Robie is an artist who loves sharing what she has learned about art and painting in the hope that it might help other creatives.
Flowers are among the most popular subjects in still life representations, and roses can be considered the "queens" of flowers. Many characteristics make roses unique-looking, especially their rich petals, soft and velvety texture, ever-present thorns, and oval leaves.
Whether you draw them accurately and realistically or simplified and abstract, you need to put in enough details to let the viewer understand what kind of flower it is.
What You'll Need
Drawing can be done at different levels, from the most recreational to the most professional quality. Wherever you are in the range of skills and experience, drawing can be a fun and rewarding activity for children and adults alike.
The starting material required for drawing is affordable and easily available:
- a quality eraser
- charcoal pencil (optional)
- pen (optional)
- colored pencils (optional)
You can use a charcoal pencil, pen, markers, colored pencils, and more, but paper and pencil will get you started.
Start by Drawing Without the Grid
- Find a reference photo that you’d like to work from or some real roses to draw. Avoid drawing representations of silk flowers; even if they look “close enough” to the real ones, it’s not the same.
- Start by drawing the main angles and lines of your subject. Then sketch roughly the main shapes, paying attention to proportions and angles. Measure often in order to place the parts correctly, drawing very lightly at first and including all the shapes in between leaves, petals, etc.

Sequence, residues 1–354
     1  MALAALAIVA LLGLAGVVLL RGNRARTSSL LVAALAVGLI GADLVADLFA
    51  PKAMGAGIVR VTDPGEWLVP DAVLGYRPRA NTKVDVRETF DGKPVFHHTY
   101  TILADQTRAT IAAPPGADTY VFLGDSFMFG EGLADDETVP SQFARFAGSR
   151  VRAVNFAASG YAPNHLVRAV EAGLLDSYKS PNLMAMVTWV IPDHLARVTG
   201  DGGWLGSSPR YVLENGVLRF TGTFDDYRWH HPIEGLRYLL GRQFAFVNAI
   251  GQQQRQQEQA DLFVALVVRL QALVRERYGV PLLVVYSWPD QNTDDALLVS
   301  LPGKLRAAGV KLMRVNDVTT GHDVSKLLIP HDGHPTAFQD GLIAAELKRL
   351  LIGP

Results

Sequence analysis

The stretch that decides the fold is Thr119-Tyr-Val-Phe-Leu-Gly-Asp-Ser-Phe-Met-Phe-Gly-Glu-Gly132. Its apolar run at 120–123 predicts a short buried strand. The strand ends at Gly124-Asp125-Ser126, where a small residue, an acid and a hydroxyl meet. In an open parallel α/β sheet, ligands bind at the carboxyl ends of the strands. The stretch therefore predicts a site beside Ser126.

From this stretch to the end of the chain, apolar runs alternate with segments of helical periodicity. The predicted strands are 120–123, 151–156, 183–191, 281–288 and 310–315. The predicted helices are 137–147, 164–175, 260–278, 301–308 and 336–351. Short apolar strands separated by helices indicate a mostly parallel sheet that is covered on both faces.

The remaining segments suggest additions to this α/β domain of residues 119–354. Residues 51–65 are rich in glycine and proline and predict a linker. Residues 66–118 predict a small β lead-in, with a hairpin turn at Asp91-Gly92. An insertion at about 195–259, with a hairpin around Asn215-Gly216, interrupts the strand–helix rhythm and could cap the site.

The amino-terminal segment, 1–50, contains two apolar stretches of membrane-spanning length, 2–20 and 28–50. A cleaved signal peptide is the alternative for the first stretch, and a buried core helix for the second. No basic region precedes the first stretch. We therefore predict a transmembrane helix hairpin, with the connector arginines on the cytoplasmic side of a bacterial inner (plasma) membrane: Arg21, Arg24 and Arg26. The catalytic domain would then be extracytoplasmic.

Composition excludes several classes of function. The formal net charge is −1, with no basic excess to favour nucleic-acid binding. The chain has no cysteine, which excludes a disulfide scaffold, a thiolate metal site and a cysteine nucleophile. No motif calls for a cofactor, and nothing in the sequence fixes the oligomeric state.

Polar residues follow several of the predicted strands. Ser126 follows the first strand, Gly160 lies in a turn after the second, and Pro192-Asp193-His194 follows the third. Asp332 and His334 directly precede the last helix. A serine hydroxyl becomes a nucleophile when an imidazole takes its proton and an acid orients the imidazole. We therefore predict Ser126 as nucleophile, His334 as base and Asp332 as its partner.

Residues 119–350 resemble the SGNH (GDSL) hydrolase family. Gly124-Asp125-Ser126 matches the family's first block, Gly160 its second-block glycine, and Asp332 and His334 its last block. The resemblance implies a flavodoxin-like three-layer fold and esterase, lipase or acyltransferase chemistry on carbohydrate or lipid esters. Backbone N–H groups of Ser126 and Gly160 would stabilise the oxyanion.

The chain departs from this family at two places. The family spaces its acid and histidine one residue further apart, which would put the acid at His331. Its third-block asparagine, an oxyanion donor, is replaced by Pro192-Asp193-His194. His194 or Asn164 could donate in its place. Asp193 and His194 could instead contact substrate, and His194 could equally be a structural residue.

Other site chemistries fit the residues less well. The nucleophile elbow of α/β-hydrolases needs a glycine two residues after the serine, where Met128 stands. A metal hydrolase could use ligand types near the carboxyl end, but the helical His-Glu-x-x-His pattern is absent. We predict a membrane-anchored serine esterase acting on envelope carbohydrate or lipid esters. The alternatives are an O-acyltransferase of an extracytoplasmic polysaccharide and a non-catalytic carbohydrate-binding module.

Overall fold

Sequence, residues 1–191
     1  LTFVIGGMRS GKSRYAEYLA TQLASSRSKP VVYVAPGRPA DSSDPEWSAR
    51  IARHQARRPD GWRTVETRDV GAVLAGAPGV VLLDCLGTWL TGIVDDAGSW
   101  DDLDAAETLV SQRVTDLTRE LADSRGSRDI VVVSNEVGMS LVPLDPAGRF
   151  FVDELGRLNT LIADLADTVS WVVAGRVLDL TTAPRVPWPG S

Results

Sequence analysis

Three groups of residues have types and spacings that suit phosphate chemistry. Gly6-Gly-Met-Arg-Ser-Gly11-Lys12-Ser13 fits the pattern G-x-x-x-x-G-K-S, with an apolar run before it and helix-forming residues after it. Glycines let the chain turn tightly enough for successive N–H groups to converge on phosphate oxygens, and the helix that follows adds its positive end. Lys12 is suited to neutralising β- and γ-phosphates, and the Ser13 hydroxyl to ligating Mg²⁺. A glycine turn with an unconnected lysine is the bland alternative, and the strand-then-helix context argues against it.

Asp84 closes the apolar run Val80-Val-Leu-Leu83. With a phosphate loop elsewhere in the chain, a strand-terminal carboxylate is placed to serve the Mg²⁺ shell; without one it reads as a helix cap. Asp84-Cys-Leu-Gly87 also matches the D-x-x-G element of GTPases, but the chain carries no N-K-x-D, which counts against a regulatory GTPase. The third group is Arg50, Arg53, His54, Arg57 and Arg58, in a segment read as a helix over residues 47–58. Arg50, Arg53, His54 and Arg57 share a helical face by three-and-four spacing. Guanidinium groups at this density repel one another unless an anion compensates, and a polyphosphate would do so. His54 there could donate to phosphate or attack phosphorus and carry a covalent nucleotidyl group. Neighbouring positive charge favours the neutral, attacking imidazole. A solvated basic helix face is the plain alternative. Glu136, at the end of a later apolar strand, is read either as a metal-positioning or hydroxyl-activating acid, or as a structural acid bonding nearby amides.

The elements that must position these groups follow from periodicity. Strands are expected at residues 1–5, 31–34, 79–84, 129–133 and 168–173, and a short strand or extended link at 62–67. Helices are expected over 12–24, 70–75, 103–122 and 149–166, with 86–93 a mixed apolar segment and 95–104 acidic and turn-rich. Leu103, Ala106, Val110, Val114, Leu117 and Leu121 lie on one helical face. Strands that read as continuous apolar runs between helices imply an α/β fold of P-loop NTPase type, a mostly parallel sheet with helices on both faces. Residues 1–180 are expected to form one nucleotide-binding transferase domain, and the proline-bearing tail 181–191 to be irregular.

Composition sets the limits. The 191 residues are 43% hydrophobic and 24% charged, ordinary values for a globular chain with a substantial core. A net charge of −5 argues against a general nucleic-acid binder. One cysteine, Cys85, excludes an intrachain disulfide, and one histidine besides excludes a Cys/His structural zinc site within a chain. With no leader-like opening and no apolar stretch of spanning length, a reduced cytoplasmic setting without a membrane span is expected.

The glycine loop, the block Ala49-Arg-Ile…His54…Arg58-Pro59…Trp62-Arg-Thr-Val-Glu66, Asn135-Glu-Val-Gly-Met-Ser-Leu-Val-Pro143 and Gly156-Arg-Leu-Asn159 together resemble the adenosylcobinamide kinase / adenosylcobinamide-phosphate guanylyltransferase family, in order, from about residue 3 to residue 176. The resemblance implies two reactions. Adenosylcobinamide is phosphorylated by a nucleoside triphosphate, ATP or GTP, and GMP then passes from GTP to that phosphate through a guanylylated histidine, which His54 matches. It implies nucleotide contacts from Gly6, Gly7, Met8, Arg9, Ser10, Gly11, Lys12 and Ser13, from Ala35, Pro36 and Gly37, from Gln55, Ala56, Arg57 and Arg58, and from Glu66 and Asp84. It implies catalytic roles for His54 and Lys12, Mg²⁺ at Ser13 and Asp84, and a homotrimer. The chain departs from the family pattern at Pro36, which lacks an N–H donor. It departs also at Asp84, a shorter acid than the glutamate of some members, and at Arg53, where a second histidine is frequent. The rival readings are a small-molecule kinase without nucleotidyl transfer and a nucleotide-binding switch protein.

- Once you have the main rough shapes of your subjects sketched, start your drawing with many quick pencil strokes, working over each other to make smooth lines and curves.
- Don’t be afraid to be messy, as long as you don’t press too hard with your pencil on the paper, you can always erase it later.
Grid Drawing Technique (Step-by-Step)
If you are finding difficult to get the proportions right, you can use the grid technique. This works well when you are working from a reference photo.
- First, you draw a grid of squares or rectangles on your photo. I like using squares because rectangles might get tricky to keep proportional on a different size (see the second step). If you don’t want to write on the photo, you can insert it in a plastic sleeve and draw the grid on the plastic. If you are looking at a digital photo on a screen, you can use a simple photo editor and draw lines on the image.
- Draw a grid on your paper. Keep it very light so it does not show after you’ll erase it. Keep your strokes light. When you are done reproducing all squares, you'll have to erase the grid.
- The two grids don't have to be the same size, but they need to be proportioned. That means that if you have squares of 1” x 1” on your photo, you can draw a grid of, for example, 2.5” x 2.5” on your page. This will make your drawing 2.5 times bigger than the reference photo. If you draw rectangles on your photo, make sure you make them of a size that is easy to enlarge.